Sue Bolton

The Fair Work ombudsman began legal action on May 19 against a 7-Eleven store operator in Geelong who owed hundreds of hours in unpaid wages to four workers. The decision came after a two-year campaign by the Unite union, which organises workers in part-time and casual work. The ombudsman alleges that four workers were owed a total of $85,408 for work over 2005-09. One worker alone was underpaid $40,583.
Hundreds of Tamils turned out in Sydney’s Martin Place on May 18 to mark the first anniversary of the Sri Lankan army’s capture of the last bit of land held by the pro-independence Liberation Tigers of Tamil Eelam in the north-east of the country. In driving rain, families lined up to place petals in front of a statue of a grieving mother. They heard from community speakers, the Greens, the Council for Civil Liberties (CCL) and the Socialist Alliance.
On May 8, 70 people from local groups joined with Socialist Alliance to march through Brunswick’s Barkly Square shopping centre, demanding management allow community stalls, including those held by the Socialist Alliance, to resume. Protesters had a replica of the original cage that radical artist and Communist Party of Australia member Noel Counihan spoke from in the 1933 free speech battles in Brunswick. A speak-out was held in the shopping centre, defying police and security guards.
On May 6, women gathered in Melbourne dressed in pyjamas and hair curlers, ready for the Mothers’ Day breakfast in bed that they never get because of poverty and the stress of being a single parent. The action was to call for an end to poverty for single mothers. Council of Single Mothers and their Children (CSMC) project worker Kerry Davies told the protesters that “single mothers and their children are Australia’s poorest families and are now the single highest group of homeless people in this country”.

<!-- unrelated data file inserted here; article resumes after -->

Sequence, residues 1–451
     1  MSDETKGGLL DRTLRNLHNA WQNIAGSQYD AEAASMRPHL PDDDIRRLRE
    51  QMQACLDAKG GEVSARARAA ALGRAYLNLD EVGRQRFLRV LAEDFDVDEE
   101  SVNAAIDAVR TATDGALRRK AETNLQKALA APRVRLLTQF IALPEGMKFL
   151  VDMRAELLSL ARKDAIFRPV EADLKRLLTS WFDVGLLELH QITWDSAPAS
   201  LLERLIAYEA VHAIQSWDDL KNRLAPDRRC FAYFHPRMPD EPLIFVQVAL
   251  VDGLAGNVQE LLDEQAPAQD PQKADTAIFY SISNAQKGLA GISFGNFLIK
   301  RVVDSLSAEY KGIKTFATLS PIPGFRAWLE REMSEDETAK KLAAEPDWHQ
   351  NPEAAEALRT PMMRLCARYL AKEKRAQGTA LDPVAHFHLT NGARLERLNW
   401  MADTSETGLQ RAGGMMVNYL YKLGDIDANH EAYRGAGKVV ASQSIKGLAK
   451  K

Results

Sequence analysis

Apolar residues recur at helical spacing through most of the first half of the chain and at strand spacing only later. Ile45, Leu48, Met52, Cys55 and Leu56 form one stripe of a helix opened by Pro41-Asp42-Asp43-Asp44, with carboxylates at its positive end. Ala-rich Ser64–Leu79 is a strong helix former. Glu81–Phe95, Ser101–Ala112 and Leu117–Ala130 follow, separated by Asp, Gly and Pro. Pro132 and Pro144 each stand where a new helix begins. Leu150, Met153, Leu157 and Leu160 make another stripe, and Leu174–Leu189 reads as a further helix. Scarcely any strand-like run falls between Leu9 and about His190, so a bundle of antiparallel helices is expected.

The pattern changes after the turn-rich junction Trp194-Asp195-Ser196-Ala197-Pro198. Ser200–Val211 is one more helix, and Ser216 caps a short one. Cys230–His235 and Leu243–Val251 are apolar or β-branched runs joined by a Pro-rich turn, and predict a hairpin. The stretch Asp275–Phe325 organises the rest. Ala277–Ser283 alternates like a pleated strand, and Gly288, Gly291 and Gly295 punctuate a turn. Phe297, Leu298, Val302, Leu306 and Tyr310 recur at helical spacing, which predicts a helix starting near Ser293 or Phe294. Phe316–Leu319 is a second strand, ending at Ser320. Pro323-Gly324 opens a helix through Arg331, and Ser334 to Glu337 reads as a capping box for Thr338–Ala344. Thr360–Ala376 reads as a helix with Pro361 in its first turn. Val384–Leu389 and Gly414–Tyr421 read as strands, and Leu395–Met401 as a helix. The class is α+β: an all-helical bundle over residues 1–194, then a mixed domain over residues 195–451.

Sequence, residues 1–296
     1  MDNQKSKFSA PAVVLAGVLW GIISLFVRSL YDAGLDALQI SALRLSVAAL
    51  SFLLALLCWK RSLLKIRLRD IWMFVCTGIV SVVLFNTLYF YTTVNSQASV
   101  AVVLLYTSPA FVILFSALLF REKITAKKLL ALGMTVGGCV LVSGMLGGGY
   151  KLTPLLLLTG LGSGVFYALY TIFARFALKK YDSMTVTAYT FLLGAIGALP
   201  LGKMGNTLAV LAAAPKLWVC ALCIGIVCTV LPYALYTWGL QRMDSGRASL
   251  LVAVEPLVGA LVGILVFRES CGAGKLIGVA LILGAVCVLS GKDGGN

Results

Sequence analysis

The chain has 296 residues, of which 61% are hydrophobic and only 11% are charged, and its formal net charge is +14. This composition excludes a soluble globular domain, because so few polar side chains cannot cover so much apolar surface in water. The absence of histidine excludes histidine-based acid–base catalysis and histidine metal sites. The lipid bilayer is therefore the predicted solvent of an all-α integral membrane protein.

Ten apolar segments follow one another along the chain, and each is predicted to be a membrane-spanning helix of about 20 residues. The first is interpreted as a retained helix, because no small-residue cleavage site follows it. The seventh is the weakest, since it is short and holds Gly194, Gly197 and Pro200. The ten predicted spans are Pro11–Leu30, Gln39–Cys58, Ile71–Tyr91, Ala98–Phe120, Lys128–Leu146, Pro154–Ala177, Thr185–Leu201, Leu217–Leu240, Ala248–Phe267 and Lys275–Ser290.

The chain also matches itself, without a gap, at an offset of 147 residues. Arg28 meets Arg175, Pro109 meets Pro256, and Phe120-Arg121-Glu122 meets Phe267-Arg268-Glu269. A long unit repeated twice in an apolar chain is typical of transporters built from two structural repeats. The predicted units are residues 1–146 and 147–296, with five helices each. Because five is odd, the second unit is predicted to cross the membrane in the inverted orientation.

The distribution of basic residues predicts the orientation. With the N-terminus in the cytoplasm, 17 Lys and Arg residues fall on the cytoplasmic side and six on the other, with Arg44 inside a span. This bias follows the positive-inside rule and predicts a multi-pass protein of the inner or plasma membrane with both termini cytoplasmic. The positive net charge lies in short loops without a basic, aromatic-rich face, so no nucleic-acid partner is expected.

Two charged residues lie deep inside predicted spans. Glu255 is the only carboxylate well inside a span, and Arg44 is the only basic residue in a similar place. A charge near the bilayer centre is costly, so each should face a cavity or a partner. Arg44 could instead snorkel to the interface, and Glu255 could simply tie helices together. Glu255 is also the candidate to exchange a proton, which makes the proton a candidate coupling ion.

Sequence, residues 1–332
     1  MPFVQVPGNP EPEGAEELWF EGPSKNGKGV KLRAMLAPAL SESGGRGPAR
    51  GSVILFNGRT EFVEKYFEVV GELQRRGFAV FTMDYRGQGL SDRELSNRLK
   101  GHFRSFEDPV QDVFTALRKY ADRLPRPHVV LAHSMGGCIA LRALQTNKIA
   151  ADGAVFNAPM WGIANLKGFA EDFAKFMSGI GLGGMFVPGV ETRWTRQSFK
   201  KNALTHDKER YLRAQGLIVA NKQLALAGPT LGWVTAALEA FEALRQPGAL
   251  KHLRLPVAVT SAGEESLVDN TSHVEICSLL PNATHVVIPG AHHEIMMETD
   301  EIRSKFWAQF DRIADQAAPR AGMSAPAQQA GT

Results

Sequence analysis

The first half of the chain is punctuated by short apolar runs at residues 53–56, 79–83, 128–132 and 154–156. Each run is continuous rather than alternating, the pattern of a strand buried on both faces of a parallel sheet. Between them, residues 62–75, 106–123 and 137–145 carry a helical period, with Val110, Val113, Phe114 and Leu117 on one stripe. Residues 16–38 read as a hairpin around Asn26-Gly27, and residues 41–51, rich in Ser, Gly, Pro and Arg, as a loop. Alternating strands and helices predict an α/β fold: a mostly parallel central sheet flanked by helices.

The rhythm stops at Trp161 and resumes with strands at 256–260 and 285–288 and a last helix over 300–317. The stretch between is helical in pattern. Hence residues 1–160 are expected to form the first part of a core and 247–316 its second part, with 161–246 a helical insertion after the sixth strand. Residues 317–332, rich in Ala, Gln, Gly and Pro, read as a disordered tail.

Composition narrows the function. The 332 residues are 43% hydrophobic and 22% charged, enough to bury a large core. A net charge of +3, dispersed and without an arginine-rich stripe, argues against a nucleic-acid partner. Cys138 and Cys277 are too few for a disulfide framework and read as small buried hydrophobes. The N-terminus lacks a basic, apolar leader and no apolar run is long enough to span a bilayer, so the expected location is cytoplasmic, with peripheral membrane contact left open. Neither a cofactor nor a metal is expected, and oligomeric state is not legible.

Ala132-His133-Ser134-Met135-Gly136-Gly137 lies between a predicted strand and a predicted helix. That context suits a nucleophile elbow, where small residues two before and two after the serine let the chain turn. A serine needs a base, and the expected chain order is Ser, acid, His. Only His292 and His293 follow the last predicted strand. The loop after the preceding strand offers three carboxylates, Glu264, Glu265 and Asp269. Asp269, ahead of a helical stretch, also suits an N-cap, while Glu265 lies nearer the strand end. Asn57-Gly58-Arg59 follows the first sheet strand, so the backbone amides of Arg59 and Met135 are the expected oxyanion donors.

MELBOURNE — At a mass meeting and protest rally outside Telstra’s main shop in Melbourne on May 5, Telstra workers voted unanimously to continue their campaign of strikes, bans and other disruptions, aimed at winning a new enterprise agreement and defeating Telstra’s attempts to discriminate against its unionised workers. Marching through the Melbourne CBD, the workers, who are members of the Communications, Electrical and Plumbing Union (CEPU) communications division, demanded equal pay with the non-union workers in Telstra.
In a turbulent meeting on April 20, City of Yarra councillors voted to reinstate a ban on public drinking, 24 hours a day, seven days a week. The motion was passed by a coalition of Labor councillors and independents, five votes to four. The votes against were from the Socialist Party councillor and three Greens. It overturned a March decision to lift the drinking ban during daylight hours. The ban, known as Local Law 8, was passed in October and implemented in December.
Twelve groups supporting refugee rights met on April 10 to discuss the possibility of joint actions.
Prominent Iranian left-wing activist Jamal Saberi (Jalal Amanzadeh Nouei) is facing deportation to Iran from Japan, despite having lived there for 18 years, being married to a Japanese woman and having a child there.
The National Trust, Planning Backlash and Protectors of Public Lands Victoria joined forces to rally against the redevelopment of the historic Windsor Hotel, which is located in the parliamentary precinct.
On March 16, Yarra City Council amended the racist Local Law 8, which bans drinking in public places. The law was originally passed on October 20 with the ALP, Greens and independent councillors voting for it. Socialist Party councillor Stephen Jolly was the only councillor to oppose the law.
After being confronted by protests in New Zealand, Israeli tennis player Shahar Peer was met by a protest organised by Australians For Palestine at the Australian Open in Melbourne on January 19.
Since 2006, a group of activists in Melbourne have gathered on January 20 to commemorate two Aboriginal freedom fighters, Tunnerminnerwait and Maulboyheenner, who were hanged on that day in 1842.